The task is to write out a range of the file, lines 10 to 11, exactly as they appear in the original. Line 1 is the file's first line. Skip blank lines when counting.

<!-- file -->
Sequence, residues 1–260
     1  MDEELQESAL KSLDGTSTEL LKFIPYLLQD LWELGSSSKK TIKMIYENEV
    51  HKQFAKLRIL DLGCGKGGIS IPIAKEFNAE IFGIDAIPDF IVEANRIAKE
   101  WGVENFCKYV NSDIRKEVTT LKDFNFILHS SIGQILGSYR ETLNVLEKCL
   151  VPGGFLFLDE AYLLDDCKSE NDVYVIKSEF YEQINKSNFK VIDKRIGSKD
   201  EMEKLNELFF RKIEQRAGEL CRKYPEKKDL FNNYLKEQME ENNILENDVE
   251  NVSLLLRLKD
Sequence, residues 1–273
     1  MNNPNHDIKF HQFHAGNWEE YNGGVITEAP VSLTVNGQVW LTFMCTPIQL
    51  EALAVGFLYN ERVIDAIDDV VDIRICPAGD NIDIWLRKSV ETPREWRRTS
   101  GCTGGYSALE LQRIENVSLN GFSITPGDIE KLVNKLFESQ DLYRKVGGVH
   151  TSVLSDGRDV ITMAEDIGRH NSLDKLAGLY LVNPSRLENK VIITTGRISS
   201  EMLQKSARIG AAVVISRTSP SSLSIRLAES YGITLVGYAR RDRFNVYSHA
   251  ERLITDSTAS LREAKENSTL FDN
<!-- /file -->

    51  EALAVGFLYN ERVIDAIDDV VDIRICPAGD NIDIWLRKSV ETPREWRRTS
   101  GCTGGYSALE LQRIENVSLN GFSITPGDIE KLVNKLFESQ DLYRKVGGVH